Starting your day with a serving of oats may be one of the best things to do for your liver. Oats have much-needed fiber, with just a half cup of dry oats giving you 4 grams or about 16 percent of your daily value, per the USDA.
Getting more of the nutrient day-to-day may boost your liver health because fiber helps reduce inflammation in the liver, according to November 2016 research published in Advances in Nutrition.
Here’s how it works: Fiber helps keep the gut healthy and this can create a snowball effect on different organs in the body, including the liver. The term “gut-liver axis” refers to the link between the health of the gut and the health of the liver.
6. Cruciferous Vegetables
Since the liver is responsible for detox action, it’s important to keep that system humming by offering it a helping hand.
Cruciferous veggies such as radishes, broccoli and cauliflower contain high amounts of glucosinolates and isothiocyanates, two compounds that may prevent and treat liver cancer by increasing detoxification enzymes in the liver, according to a May 2016 review article in Nutrients.
Vegetables also contain polyphenols, which are powerful antioxidants that have been shown to prevent the development of NAFLD by reducing oxidative stress and inflammation, according to the 2019 book, Dietary Interventions in Liver Disease. The Nutrients study also points to a general correlation between eating cruciferous vegetables and low rates of cancer, so load up on these veggies daily.
If you are among the 75 percent of Americans who start their day with a cup of joe, your liver will thank you.
Coffee may reduce the risk of chronic liver disease and slows the advancement of it, according to a May 2017 review published in the World Journal of Hepatology. It also has shown promise in improving outcomes with cirrhosis and nonalcoholic fatty liver disease (NAFLD).
Coffee’s beneficial effects seem to be independent of caffeine since other caffeinated beverages didn’t result in the same perks. So, how much do you need to drink to notice an effect? Most of the studies indicated more than 2 cups of coffee to see any benefit to the liver — just hold the sugar!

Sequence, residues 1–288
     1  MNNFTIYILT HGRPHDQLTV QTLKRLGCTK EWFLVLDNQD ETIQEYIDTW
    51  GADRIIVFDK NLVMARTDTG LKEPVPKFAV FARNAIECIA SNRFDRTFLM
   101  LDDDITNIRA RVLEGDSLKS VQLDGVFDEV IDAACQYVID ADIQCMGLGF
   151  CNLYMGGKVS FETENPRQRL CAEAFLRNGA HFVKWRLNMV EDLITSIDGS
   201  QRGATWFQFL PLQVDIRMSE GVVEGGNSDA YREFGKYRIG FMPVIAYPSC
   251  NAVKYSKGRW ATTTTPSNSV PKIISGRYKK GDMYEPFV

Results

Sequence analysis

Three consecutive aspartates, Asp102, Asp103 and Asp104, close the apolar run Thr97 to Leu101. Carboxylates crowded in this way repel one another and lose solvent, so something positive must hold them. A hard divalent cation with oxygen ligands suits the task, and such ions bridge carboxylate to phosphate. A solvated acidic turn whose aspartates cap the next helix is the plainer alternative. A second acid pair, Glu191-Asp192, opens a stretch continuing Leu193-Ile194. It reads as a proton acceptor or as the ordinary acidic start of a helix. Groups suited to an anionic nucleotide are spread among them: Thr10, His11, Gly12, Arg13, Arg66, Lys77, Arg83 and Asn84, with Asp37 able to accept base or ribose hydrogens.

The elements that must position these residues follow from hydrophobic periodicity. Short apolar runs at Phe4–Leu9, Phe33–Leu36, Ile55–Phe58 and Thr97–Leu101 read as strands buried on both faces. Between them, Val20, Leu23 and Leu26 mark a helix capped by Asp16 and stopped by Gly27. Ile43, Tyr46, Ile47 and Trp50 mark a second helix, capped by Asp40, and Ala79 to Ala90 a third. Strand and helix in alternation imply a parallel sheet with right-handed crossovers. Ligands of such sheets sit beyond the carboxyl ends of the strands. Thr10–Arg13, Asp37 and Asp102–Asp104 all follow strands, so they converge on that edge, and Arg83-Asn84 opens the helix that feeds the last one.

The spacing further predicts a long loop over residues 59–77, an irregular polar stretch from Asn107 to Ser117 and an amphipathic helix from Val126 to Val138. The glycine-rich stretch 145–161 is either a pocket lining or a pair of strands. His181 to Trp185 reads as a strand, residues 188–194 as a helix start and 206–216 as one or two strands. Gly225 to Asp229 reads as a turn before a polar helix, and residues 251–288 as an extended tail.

Tips for Good Liver Health
“There are two top things you can do for your liver,” Diane Norwood, RD of The Wandering RD, tells LIVESTRONG.com. These are:
- Decrease your sugar intake
- Drink less alcohol
Too much sugar and/or alcohol can lead to a fatty liver — and even if you add good-for-your-liver foods to your diet, they cannot undo all the ill effects of taking in too sugar and alcohol. In fact, excess added sugar in any form can increase the likelihood of developing NAFLD by causing fat accumulation in the liver, according to a May 2018 article published in the Journal of Hepatology.
The bottom line: If you are working toward a healthier liver, cleaning up your diet is the best place to start. Skip the cleanse and detox your body from within with these nourishing foods.
- Harvard Medical School: “How Much Water Should You Drink”
- JAMA: “Nonalcoholic Fatty Liver Disease: A Systematic Review”
- Journal of Nutrition: “A Mediterranean Diet Rich in Extra-Virgin Olive Oil Is Associated with a Reduced Prevalence of Nonalcoholic Fatty Liver Disease in Older Individuals at High Cardiovascular Risk”
- World Journal of Gastroenterology: “Beneficial Effects of Naringenin in Liver Diseases: Molecular Mechanisms”
- Advances in Nutrition: “Impact of Dietary Fibers on Nutrient Management and Detoxification Organs: Gut, Liver, and Kidneys
- Nutrients: “Curcumin in Liver Diseases: A Systematic Review of the Cellular Mechanisms of Oxidative Stress and Clinical Perspective”
- World Journal of Hepatology: “Coffee: The Magical Bean for Liver Diseases”
- Nutrients: “Dietary Natural Products for Prevention and Treatment of Liver Cancer”
- Lee, Y. & Lee, J.: Dietary Interventions in Liver Disease – Chapter 8 – Protective Actions of Polyphenols in the Development of Nonalcoholic Fatty Liver Disease
- Journal of Hepatology: “Fructose and Sugar: A Major Mediator of Nonalcoholic Fatty Liver Disease”
- Evidence-Based Complementary and Alternative Medicine: “Plants Consumption and Liver Health”
- Johns Hopkins Medicine: “Liver: Anatomy and Functions”